David Adams reports in the latest issue of Labor Law Pointers on a Jan. 27 scaffold law court decision that may prove to be very significant. The decision is from the New York State Supreme Court Appellate Division, Second Department, which encompasses Brooklyn, Queens, Staten Island, Long Island, and areas north to Orange County.
The injured worker was using a six-foot-tall A-frame ladder on a construction project. The ladder was apparently in good condition, as he had performed the same tasks with the same ladder in four rooms before the accident. Pieces of sheetrock were stacked on the floor in the fifth room, preventing him from placing the ladder under the location where he needed to work. Instead, he placed the ladder three or four feet to the left of the location. It was on level ground and did not move or shake as he climbed to the third rung. He leaned to the right to do his work, whereupon the ladder tipped over. The court’s opinion does not describe his injuries.
The worker and his spouse sued the project owner and the general contractor, claiming violations of New York Labor Law Sections 200, 240(1) and 241(6). The trial court ruled in favor of the defendants, and the worker appealed. The Second Department upheld the trial court’s ruling, saying, “(Defendants’) submissions demonstrated, prima facie, that the injured plaintiff improperly positioned and misused the ladder, which was the sole proximate cause of his injuries … (S)ince the plaintiffs failed to demonstrate that the injured plaintiff's injuries were proximately caused by a violation of Labor Law § 240(1), the Supreme Court properly (ruled against them).”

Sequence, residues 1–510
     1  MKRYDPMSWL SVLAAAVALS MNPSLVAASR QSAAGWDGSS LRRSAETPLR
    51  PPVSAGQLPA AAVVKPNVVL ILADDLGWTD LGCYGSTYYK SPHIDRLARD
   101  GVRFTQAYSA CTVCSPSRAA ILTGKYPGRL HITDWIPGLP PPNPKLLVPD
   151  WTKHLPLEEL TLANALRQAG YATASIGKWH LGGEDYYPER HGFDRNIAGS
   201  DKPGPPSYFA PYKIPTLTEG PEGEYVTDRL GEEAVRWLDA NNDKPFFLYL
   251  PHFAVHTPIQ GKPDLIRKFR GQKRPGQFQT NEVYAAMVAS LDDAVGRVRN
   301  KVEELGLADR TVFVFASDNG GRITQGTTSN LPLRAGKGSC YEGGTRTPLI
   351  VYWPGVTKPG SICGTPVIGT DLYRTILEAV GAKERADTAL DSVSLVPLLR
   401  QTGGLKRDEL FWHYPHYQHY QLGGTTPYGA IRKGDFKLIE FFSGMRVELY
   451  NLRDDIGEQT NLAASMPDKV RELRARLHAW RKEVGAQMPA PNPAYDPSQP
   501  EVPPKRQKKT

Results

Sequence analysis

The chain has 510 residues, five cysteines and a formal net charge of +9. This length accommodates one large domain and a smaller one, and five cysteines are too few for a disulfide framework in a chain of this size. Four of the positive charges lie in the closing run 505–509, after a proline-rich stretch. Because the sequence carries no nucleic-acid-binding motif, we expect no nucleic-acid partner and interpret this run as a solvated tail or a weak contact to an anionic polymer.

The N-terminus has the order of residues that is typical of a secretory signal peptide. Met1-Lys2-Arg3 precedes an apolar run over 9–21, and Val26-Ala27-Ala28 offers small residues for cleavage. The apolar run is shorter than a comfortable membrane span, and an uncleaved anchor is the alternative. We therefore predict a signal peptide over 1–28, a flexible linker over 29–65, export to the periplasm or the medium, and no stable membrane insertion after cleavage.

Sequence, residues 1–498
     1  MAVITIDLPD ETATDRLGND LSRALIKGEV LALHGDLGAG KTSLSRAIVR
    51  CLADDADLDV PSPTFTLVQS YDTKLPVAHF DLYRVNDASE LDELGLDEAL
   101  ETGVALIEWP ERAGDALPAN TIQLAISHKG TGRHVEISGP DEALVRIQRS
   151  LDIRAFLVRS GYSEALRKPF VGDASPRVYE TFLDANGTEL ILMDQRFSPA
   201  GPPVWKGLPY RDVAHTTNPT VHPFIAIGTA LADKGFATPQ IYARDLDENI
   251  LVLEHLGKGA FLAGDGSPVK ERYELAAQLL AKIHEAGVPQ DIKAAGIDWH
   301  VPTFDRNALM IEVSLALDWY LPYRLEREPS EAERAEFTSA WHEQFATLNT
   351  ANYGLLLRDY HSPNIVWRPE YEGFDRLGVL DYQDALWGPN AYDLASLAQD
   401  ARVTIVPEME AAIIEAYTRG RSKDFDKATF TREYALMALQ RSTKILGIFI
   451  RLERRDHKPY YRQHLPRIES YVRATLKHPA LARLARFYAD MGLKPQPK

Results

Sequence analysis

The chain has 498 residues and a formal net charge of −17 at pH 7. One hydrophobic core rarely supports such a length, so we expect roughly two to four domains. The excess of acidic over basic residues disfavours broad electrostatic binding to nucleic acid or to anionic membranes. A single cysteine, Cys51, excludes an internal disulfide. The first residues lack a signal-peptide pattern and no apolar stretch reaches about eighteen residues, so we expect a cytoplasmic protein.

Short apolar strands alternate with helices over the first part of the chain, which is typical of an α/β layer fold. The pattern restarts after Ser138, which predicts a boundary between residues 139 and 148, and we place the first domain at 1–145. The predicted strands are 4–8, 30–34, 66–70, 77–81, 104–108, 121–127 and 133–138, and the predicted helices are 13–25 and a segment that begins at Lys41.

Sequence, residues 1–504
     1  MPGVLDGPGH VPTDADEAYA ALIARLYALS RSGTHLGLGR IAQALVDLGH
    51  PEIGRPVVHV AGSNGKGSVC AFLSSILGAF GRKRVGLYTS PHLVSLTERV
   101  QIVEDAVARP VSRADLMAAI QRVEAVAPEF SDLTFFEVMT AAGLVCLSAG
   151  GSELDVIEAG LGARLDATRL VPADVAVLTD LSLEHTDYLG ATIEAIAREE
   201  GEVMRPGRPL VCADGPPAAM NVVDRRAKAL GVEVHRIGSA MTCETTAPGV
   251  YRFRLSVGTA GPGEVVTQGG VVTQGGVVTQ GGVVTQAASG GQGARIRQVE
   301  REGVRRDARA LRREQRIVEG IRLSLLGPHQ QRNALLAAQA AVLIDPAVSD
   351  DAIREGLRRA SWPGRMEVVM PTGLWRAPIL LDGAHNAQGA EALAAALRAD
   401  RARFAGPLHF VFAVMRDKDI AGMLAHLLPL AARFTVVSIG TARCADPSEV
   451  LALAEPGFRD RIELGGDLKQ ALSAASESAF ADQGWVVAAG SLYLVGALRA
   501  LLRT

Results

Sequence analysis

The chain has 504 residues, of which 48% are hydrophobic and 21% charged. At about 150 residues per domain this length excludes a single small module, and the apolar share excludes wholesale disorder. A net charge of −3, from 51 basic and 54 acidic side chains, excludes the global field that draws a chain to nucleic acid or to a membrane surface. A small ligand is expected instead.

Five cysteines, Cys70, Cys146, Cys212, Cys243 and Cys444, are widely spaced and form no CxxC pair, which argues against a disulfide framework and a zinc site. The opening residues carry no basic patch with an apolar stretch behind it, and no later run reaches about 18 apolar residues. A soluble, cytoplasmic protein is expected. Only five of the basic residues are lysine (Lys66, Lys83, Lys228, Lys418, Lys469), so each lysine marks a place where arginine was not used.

I’ll let David describe the import of this decision:
Why is this important you may ask? The answer is simple; this is the first time I have seen a court, any court, award Summary Judgment to a defendant when the plaintiff fell because a ladder tipped, shook, shimmied or slipped. They did so specifically because it was the plaintiff who placed the ladder. In countless decisions, the courts have held that when a ladder is improperly placed, even when placed by the plaintiff, that the improper placement is a violation of the statute and thus a proximate cause, precluding any other proximate cause from being the sole proximate cause of the plaintiff’s fall and subsequent injury. Without the ability to have the plaintiff’s actions in placing and misusing the ladder be the sole proximate cause, the defendant is without the ability to defend the 240(1) claim. …
While we do not expect the Second’s view of the sole proximate cause defense in ladder placement cases to make its way across the state quickly, or even make the very short trip to the First Department quickly, we are ever hopeful that this will make its way to the Court of Appeals.
Some of you may recall that I taught a continuing education course two years ago titled Absolute Liability: New York’s Scaffold Law and the Courts. With the help of several back issues of Labor Law Pointers, I was able to cite in the course several court decisions that held the owner and general contractor liable when the injured worker placed a ladder himself. If the Second Department’s decision in this new case passes muster with the Court of Appeals, owners and contractors’ ability to successfully defend scaffold law suits will greatly improve. Stay tuned.